We traveled up across the meadow and up the difficult-to-navigate (log fall) lower East face of Elk after parking at Pocket Crk. Our goal was Elk bowl, then back down the face. We discussed considerable NWAC assessment. We felt the sun crust on more easterly/southeasterly aspects under the 8+ inches of new snow. We curved up and to the more protected NE slope where no sun layer was detectable (snow was now quite deep). We noticed small nonpropagating layers falling especially where the sun crust was palpable on the skin up. We discussed wind effects—there was noticeably less new snow (like 1-2 inches) on some small exposed ridges/spines right near our high point, where the avalanche was triggered. And we saw a cornice (small, maybe 10 feet long) on the leeward side of the small bowl above us. I struggled to skin across (while my partner stayed off the slope and watched me) and then I went back to the spine to boot pack up the last 20-40 ft to the upper ridge. My partner decided to keep traversing and continued my track, moving closer to the middle of this upper bowl.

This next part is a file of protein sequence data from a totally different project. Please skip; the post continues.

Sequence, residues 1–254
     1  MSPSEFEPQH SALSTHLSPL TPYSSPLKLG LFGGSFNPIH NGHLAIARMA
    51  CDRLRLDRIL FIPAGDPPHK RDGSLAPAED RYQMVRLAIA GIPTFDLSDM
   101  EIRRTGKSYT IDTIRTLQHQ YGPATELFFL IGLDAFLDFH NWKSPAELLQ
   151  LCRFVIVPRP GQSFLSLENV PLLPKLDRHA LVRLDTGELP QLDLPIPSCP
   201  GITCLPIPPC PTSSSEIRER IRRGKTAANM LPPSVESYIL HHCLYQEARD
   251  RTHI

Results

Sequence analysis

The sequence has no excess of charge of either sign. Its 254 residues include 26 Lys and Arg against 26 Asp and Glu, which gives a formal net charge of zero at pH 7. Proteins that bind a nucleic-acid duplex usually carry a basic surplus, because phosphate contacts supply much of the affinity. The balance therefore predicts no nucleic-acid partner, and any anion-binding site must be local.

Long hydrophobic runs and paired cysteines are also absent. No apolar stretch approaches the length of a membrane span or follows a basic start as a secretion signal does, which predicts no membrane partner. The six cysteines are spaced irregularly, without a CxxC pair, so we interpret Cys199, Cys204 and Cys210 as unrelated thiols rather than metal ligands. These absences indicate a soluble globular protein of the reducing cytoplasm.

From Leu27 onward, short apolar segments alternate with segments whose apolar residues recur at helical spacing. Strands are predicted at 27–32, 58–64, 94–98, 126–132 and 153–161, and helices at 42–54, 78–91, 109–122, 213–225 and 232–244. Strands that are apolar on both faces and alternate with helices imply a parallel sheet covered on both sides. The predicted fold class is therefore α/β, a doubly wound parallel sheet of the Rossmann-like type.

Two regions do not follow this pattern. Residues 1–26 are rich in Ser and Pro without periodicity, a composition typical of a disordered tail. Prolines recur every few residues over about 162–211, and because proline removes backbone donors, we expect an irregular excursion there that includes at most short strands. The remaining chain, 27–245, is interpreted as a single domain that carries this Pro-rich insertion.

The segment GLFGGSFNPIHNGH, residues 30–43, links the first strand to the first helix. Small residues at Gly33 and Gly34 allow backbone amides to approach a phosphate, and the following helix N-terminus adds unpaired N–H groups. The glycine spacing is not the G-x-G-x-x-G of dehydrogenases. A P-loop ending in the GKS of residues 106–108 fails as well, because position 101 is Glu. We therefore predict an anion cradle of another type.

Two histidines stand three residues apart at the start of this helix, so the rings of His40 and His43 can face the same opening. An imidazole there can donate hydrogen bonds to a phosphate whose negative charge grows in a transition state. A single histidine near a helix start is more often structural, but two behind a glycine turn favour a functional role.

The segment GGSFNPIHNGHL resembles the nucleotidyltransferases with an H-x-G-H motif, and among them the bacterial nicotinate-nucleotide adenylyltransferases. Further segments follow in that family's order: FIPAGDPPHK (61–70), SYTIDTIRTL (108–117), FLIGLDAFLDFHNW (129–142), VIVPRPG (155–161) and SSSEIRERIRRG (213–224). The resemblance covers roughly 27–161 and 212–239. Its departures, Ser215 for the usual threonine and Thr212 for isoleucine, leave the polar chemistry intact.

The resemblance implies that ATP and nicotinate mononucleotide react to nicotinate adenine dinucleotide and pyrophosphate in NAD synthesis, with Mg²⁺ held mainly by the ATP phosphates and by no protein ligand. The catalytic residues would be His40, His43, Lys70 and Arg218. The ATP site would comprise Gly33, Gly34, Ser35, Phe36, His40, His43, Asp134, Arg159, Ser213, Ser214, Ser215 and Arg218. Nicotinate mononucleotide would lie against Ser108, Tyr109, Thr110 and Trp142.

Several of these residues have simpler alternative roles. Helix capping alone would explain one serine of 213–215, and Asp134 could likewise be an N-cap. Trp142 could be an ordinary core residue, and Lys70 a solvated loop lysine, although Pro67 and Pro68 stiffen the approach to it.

I saw and heard him yell slide, struggle to dig in, and the larger ~50 ft wide bowl released above him (as I remember from just under the cornice and along most of the upper ridge line R3). I watched him get taken off his feet and rolled over a steeper section 20-30 ft.below him where he hit a dead tree stump with branches at low speed. He then (basically now buried he said) went through a large couple of willow bushes where the slope slightly moderated.
I was getting my splitskis on (which I had shouldered for short boot pack) and about to turn beacon to search mode and yelled for him. He responded after maybe 20 seconds. He wasn’t buried and dug himself out. He lost 2 skis and 1 pole. I traversed to the avy bed (which was largely moderately firm sun crust alternating w chalky snow) and skied down w skins on looking for his equipment. He sustained bruises to elbow and ribs. He walked out in my tracks.
Hopefully this is helpful for others. We stayed calm, backed each other up, and discussed avalanche terrain before the slide, but still made errors that could have been much more costly.